Tuning Power Curves

What a great start to the day; I awoke to the sound of the doorbell, dragged myself downstairs, and as I opened the front door was presented with a pleasant young man who, in his outstretched arm, was holding the new motor controller!

I hooked it up to the robot/wheelchair/thingummygubbin and was delighted to see the thing working post fire. Taking no chances this time, I welded another plate to the frame to act as a mount for the components and whilst I was at it, I designed and printed a clip-in holder for the radio transmitter which holds the antenna in the optimum angle:

I also finished designing and printing the chain guard for one side of the robot and applied a www.mountainwheelchair.com sticker. Hopefully this will prevent any little fingers being from being sliced off!

You’ll see in the picture above that I also have the robot hooked up to a laptop. After the fire I decided to spend a little extra on the motor controller and this one will not only provide more power to the motors but also provides the ability to fine tune the firmware and control power curves and a host of other things. Although at ¬£100 it’s twice the price of the previous controller, I think it was money well spent. Especially if it doesn’t go up in a ball of flames.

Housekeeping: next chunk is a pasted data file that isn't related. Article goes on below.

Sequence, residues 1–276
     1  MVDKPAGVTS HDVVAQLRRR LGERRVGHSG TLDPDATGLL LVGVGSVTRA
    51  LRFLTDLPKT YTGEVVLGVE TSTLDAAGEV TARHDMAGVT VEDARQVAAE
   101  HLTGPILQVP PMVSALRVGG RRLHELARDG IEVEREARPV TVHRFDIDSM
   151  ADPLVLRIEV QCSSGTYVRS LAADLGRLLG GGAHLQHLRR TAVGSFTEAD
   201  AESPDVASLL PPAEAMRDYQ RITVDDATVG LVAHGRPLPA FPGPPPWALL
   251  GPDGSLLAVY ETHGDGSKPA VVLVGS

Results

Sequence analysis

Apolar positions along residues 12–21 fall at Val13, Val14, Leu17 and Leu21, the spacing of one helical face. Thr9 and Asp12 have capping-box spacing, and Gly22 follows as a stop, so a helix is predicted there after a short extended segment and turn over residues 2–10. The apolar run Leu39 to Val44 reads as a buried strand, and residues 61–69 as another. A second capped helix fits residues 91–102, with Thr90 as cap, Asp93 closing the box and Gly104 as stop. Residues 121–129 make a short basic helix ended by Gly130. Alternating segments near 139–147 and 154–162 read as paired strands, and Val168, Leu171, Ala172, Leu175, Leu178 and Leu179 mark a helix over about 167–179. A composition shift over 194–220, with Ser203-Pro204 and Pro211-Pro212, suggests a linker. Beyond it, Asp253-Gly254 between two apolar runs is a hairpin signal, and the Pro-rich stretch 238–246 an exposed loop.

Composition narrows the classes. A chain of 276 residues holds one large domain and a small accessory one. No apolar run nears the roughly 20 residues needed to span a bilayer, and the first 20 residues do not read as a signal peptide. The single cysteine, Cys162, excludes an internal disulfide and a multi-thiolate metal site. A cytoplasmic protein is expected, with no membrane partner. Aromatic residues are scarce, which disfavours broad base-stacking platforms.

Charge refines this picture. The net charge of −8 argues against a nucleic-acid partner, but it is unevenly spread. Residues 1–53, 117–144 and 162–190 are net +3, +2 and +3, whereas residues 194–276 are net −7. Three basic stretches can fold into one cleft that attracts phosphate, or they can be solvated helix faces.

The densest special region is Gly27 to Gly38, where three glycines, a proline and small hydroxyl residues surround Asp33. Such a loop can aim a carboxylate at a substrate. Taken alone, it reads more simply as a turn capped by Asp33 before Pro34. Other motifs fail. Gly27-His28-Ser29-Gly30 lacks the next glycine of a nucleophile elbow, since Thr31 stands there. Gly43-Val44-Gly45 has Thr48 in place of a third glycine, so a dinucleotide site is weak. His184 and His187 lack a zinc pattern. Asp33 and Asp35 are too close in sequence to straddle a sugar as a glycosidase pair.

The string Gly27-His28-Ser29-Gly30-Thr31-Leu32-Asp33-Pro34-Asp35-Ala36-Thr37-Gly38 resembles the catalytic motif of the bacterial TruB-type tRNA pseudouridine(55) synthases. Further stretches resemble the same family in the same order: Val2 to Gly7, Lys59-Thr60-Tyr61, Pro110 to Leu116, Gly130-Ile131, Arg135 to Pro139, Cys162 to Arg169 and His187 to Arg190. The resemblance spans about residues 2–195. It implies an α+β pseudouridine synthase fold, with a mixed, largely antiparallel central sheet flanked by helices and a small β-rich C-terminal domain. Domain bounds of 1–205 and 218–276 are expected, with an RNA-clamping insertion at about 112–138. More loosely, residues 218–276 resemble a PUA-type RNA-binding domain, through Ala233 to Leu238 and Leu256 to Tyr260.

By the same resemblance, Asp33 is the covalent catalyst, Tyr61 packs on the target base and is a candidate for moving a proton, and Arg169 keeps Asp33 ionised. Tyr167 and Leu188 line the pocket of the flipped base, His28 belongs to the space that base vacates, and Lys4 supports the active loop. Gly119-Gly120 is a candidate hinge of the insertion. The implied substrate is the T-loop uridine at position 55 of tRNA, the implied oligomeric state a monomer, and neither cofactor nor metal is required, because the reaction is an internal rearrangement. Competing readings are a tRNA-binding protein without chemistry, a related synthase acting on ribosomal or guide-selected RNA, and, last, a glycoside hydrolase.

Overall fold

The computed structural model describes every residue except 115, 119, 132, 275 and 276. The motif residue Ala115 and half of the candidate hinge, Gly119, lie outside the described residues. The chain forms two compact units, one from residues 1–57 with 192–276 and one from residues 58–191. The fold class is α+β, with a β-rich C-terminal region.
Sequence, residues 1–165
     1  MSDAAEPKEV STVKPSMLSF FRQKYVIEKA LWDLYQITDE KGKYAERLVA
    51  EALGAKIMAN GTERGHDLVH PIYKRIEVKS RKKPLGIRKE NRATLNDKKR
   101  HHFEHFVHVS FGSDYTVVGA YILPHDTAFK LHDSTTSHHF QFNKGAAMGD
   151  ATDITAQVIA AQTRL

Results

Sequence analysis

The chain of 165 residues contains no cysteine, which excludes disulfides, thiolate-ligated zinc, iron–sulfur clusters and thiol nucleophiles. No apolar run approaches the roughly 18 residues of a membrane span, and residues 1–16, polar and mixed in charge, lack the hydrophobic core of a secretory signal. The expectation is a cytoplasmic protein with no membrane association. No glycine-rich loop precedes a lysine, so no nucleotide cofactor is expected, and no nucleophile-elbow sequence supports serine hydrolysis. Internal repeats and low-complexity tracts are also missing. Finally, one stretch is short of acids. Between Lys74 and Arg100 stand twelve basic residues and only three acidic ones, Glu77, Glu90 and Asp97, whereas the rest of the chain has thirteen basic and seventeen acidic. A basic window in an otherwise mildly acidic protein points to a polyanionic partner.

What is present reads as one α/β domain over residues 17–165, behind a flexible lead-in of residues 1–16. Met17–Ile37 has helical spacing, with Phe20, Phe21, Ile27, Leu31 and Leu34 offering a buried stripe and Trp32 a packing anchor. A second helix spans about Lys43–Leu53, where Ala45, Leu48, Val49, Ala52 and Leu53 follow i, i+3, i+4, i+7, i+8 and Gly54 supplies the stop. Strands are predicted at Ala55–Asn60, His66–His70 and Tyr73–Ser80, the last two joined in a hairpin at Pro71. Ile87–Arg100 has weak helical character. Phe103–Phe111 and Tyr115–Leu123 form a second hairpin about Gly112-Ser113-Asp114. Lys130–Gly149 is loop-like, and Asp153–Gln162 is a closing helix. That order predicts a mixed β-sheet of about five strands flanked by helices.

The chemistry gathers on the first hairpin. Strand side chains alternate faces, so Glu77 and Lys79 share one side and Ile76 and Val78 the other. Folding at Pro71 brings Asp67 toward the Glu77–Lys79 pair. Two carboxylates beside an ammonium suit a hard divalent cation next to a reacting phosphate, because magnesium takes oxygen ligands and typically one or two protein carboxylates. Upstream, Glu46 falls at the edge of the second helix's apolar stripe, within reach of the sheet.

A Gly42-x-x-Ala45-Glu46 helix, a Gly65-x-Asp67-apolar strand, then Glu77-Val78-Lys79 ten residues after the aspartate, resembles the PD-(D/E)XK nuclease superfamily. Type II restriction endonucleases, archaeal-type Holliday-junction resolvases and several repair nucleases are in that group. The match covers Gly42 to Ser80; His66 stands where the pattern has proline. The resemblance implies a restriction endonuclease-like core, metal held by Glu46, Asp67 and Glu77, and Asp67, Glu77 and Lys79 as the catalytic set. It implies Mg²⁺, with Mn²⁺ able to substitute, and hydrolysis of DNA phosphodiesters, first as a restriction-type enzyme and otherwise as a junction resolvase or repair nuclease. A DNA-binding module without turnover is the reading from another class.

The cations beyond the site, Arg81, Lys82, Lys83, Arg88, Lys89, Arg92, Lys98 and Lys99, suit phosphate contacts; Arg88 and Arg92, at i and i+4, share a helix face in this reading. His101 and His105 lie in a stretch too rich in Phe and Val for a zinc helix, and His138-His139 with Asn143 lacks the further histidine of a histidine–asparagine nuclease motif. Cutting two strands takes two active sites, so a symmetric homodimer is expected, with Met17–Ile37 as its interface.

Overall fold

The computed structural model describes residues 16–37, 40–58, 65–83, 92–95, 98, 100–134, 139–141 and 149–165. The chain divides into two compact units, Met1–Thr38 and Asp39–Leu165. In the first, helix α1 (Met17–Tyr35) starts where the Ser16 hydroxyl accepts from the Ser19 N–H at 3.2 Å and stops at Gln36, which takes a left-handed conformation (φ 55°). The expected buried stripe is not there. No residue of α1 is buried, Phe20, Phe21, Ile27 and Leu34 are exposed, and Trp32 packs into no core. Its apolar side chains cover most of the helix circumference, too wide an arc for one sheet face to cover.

Speaking of which, the burnt controller has been sent back to the good people at RobotShop.com who in turn have given me a refund.

In other news, I’m making good progress with the cowling, NextKarting have very kindly donated a lightweight go-cart seat, I’ve had considerable help designing and fabricating a skid-plate, and a new motor controller arrived for the smaller prototype today. I’ll post more details on each as things develop.

Controlling the Beast

I’ve spent a lot of time watching the current prototype climbing over large obstacles and it appears that when it’s in an awkward position it might be very useful to have complete control over which wheels have power going to them. If the motors are embedded in the wheel hubs then this would be easy to achieve. The only thing that needs to be given much consideration here is the user controls. The image below shows an initial concept of what these controls might look like:

Whilst this is just a concept, research could be done into ergonomics and inspiration taken from gaming controllers:

As mentioned though, delivering drive to individual wheels is easy if each wheel has an embedded motor. If one motor is used for each side of the vehicle, so one motor for three wheels, it becomes far more complicated. I’m not sure how this would work but I imagine it would have something to do with engaging and disengaging gears.

This page was last updated on April 18th, 2018 by .
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